It was a normal Monday morning for Dallas newspaper photographer Tom Fox, until it wasn’t.
The Dallas Morning News staff photographer had just arrived at the Earle Cabell Federal Building to cover a trial when he saw the gunman. He was dressed in a black mask and black tactical gear, running toward the courthouse carrying a large rifle and multiple magazines of ammo strapped to his waist.
“I just kept thinking, ‘He’s going to look at me around that corner and he’s going to shoot,'” Fox told the paper.
The gunman soon began firing, shattering glass and sending people in the building diving for cover.
His targets: Fox himself, a security guard, a woman walking a golden retriever and a man who hadn’t tied his tie yet, Fox told his newspaper.
At some point Fox shot, too. And his photo, tweeted by the newspaper Monday morning, is shocking.
The shooter, later identified by officials as 22-year old Brian Isaack Clyde, appears panicked, peering out behind wide-framed glasses over the mask that covers his nose and mouth.
He appears to be loading a magazine into the gun, and in motion.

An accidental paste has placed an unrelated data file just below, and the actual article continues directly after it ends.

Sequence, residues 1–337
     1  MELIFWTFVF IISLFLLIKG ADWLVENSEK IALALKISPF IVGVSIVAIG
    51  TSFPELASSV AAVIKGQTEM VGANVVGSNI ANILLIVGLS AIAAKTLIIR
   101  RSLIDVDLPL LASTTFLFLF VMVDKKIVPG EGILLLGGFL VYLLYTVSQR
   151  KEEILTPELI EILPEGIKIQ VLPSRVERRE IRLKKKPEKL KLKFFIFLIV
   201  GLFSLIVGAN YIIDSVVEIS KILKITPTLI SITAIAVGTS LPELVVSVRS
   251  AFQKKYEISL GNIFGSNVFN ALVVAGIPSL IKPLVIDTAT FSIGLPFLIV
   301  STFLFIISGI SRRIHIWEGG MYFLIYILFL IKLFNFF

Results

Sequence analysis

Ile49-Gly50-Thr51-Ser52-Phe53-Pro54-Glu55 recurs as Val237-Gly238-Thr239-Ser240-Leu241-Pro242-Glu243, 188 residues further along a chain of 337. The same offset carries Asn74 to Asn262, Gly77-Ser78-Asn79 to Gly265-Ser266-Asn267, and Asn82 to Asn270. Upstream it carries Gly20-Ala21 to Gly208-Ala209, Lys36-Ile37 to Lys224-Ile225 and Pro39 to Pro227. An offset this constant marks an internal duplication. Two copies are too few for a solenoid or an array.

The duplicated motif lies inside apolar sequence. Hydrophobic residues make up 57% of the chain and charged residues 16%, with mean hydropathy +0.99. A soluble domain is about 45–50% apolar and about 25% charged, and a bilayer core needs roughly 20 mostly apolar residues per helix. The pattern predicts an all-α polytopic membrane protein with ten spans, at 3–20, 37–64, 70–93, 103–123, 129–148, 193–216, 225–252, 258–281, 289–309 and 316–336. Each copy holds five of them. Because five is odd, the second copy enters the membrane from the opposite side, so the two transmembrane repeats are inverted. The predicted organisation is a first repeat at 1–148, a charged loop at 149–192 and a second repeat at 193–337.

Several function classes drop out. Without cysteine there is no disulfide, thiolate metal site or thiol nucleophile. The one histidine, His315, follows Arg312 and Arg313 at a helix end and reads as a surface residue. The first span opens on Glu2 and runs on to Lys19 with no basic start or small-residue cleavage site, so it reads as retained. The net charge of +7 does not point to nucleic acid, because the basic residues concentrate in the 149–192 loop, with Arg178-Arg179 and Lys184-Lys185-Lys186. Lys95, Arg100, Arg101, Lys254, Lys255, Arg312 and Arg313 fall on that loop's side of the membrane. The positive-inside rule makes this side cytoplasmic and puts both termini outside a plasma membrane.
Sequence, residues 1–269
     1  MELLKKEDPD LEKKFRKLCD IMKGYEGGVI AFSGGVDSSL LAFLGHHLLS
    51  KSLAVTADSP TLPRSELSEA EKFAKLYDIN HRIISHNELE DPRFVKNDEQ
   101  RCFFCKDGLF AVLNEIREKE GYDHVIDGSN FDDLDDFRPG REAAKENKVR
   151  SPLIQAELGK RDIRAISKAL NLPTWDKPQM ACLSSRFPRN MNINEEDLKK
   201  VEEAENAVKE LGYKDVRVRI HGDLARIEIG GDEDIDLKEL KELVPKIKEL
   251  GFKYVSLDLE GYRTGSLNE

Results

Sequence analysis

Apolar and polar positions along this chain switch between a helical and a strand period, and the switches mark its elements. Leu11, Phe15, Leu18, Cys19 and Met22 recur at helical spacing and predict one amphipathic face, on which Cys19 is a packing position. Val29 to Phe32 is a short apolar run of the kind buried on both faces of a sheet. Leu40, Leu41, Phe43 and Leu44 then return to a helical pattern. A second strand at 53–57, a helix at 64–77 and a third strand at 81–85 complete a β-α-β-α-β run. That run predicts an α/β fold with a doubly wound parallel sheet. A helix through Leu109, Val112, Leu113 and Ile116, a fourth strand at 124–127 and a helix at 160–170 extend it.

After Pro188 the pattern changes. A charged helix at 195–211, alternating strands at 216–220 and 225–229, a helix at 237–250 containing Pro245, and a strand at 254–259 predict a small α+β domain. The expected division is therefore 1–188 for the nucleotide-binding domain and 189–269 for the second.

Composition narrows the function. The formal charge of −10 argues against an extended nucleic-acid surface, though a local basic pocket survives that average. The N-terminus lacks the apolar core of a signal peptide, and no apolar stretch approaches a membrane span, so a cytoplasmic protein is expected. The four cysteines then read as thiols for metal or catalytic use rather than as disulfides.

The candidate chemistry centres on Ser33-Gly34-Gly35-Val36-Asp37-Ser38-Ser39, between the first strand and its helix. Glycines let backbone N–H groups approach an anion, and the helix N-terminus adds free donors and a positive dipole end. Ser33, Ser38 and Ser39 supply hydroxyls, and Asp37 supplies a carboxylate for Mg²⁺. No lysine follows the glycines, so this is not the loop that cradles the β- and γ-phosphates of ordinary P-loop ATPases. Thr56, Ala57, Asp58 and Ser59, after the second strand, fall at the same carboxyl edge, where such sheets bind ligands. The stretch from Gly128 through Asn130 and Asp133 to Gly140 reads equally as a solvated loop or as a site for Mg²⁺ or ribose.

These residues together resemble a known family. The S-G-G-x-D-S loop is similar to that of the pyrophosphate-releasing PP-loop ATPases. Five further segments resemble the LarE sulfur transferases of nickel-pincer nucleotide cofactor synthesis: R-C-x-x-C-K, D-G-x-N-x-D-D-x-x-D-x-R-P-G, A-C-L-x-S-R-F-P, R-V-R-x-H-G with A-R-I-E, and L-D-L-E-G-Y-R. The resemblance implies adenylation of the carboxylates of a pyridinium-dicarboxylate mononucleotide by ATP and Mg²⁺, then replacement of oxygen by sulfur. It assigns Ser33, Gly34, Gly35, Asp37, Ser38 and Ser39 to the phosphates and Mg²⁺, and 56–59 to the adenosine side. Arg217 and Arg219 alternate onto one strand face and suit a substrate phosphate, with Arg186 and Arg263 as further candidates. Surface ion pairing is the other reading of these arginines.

Fox, who took the photograph while hiding behind a column just steps from the gunman, wasn’t sure if he would be shot.
“I just stood there and prayed that he wouldn’t walk past me,” Fox told the Dallas Morning News. “Because if he walks past me and sees me, he’s going to shoot me. He’s already got the gun out.
“I was just praying, ‘please don’t pass me, please don’t pass me.'”
Bullets ricocheted off the wall above him.
“I saw the puff of smoke, but I didn’t know at the time whether that was him or the police firing,” Fox said.
“I’ll never forget the sound of those repeated firing and all that glass shattering. It seemed like forever before I heard return gunfire.”
Not long after Fox captured the stunning moment, officials engaged gunfire with the shooter, FBI Special Agent in Charge Matt DeSarno said. Clyde was shot and taken to an area hospital, where he died.
“At this time, we have no information indicating that there are other shooters, other threats to the community,” DeSarno said. No officers or other citizens were injured.
The photographer told his paper he was questioned by the FBI.
But he’s got questions of his own, too.
“He was just so young. All I could think was ‘why?’ There’s just too many questions I haven’t processed yet,” Fox told the Morning News. “But this young man, what was it all for? Was it really worth it — for this?”
On his website, Fox says he’s been a photojournalist for nearly 25 years. In 2006 he and his team won the Pulitzer Prize for Breaking News Photography for their coverage of Hurricane Katrina.
“Every day is different, bringing with it new possibilities and an opportunity for creativity,” he writes.